By the Rev. Charles K. (isen) Weaverling
Happy Bodhi Day! In the world of Buddhism, Dec. 8 is an important day of celebration, recognizing Buddha’s enlightenment under the Bodhi tree.
Siddhartha Gautama, who would later become the Buddha, was a prince who left his home in Nepal to search for the meaning of life. His family had protected him from the cares of the world, but as Siddhartha was an inquisitive sort, he traveled about. He saw the misery of old age, sickness and suffering. Because this profoundly affected him, he chose to leave his lavish and indulgent surroundings and seek a more meaningful life.
Siddhartha, after spending six years living the life of an ascetic, practicing severe self-discipline and abstention from all forms of indulgence, and serving under six teachers, still did not find what he was searching for. He tried many different disciplines, such as surviving by eating only one grain of rice per day, but soon realized that this was not the answer. Because he could not find the answers to his questions from others, he vowed that he would sit under the Bodhi tree until he had answered his questions for himself.
Siddhartha fasted and meditated under this tree for a week, and on the morning of the eighth day came to several realizations which were to become the principles of modern Buddhism. It was here, as Siddhartha meditated and gazed upon the morning star of Venus rising, that the basis of Buddhist principles were born as the day dawned.
From this point forward he was referred to as the Buddha — The Enlightened One (One who is awake). He was also known as Shakyamuni (the sage of the Shakya clan) Buddha.
Bodhi Day, the day of enlightenment, can be celebrated in many ways. To the Buddhist, it is a day of remembrance and meditation, much like the Christian celebration of the birth of Jesus on Dec. 25.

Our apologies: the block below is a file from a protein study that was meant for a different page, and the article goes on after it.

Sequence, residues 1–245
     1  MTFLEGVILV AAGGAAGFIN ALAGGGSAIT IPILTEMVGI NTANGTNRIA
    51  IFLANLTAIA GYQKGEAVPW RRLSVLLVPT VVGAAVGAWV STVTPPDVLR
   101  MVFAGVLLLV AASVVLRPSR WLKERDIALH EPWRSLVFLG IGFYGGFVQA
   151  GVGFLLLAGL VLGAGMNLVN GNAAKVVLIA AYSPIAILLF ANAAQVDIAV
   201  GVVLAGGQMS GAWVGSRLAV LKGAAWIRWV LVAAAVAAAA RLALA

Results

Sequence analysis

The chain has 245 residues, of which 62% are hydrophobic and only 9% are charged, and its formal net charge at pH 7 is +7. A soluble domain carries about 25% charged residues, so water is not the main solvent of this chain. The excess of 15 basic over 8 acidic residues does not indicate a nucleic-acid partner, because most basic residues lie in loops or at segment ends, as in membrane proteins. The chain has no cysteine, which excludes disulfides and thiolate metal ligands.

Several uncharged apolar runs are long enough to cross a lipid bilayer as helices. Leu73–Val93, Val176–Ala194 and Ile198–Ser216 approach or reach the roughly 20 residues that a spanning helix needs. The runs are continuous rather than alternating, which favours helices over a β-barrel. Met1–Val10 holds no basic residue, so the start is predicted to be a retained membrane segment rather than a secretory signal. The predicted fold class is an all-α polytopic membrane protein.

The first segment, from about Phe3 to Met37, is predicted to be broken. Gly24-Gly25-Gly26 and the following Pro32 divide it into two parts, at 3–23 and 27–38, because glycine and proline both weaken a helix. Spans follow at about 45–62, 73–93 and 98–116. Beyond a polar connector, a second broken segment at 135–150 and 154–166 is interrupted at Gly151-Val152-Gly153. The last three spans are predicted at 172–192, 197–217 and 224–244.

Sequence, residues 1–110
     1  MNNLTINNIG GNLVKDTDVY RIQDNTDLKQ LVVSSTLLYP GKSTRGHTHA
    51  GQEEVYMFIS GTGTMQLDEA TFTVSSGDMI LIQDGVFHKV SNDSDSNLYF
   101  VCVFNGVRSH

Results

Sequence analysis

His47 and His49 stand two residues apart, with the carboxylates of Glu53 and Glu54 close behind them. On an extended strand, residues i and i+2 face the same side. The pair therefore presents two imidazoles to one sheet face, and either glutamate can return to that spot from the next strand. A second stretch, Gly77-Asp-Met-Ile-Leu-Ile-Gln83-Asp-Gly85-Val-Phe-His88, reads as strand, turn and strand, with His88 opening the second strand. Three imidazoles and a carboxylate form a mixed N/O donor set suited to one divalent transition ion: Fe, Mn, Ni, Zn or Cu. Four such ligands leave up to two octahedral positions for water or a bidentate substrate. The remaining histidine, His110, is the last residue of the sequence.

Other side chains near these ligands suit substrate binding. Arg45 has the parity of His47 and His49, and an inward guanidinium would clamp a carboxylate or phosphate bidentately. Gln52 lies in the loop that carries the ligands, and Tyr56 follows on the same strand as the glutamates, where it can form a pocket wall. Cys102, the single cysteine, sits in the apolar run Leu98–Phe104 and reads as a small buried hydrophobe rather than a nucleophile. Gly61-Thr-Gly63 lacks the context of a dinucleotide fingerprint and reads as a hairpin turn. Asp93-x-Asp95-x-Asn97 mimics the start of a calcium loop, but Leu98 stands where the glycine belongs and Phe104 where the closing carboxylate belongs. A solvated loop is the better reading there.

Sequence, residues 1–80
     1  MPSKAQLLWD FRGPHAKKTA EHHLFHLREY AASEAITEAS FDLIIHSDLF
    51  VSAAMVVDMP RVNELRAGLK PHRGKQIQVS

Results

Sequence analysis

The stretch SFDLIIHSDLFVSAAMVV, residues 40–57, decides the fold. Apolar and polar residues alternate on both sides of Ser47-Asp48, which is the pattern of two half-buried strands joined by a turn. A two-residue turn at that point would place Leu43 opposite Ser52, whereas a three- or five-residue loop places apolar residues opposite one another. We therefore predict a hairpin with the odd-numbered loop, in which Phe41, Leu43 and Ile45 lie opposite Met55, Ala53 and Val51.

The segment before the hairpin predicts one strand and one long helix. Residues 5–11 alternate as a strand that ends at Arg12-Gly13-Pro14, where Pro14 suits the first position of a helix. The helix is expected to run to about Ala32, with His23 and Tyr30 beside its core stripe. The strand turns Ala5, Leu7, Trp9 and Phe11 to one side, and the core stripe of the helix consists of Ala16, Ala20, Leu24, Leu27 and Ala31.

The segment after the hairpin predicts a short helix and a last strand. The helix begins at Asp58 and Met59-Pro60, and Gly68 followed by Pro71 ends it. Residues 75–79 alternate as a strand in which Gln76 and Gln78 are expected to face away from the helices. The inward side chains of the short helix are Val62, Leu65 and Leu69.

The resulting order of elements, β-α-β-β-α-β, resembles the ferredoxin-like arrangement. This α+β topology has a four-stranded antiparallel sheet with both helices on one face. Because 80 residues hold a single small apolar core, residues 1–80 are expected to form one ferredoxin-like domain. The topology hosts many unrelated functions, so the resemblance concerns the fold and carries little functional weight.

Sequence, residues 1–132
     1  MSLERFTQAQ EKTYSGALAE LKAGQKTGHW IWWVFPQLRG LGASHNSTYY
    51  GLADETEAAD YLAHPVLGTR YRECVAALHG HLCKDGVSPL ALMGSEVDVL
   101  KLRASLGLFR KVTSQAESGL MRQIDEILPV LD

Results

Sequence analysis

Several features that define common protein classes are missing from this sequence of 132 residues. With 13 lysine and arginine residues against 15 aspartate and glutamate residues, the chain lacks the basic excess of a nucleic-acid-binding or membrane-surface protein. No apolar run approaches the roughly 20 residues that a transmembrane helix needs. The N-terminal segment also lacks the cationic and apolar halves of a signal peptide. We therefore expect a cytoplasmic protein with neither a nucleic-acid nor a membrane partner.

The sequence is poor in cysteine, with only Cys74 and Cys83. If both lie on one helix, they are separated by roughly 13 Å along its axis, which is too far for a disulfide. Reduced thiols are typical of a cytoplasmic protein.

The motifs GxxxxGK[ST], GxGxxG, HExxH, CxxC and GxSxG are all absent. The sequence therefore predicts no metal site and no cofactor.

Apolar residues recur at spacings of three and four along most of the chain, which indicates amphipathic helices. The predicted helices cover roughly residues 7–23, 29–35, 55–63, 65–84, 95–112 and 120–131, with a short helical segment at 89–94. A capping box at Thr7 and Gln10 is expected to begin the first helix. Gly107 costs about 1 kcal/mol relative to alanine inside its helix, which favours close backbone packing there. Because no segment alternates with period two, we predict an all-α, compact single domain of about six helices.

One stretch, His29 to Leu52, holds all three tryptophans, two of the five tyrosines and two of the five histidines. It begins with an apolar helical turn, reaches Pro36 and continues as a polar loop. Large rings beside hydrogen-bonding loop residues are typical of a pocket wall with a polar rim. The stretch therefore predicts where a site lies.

To lay practitioners, a good way of recognizing this important event in Buddhism is to dwell on the meaning of this event, and place reminders in the home. Often, lights are strung to recognize the day of enlightenment. The many white or multi-colored lights symbolize the many pathways to enlightenment. The lights are turned on each evening beginning on Dec. 8 and for 30 days thereafter. A candle is also lit for these thirty days to symbolize enlightenment, and a lighted star is often displayed, portraying the rising of the morning star, Venus.
In Buddhist homes, you will sometimes see a living ficus tree (The latin for this tree is Ficus Religiousa, named for the event). Beginning on Bodhi Day, these trees are decorated in many ways: with lights, strung with beads to symbolize the way all things are united, and hung with three shiny ornaments to represent the Three Jewels — The Buddha, the Dharma and the Sangha. Under our tree, we have a small Zen altar, with an image of Buddha, a candle, a flower and incense.
A meal of rice and milk or rice pudding is significant on this holiday. According to Buddhist legend, the milkmaid, Sujata offered this to the Buddha upon his awakening to help him regain strength after his long fast.
Bodhi Day is of importance to Buddhists, and this time of year is important to many others as well. In the quiet of middle winter, following all the holiday activity, as the new year approaches, it’s good to reflect on the past, look for some clarification, and make resolve for the future.
Happy Bodhi Day!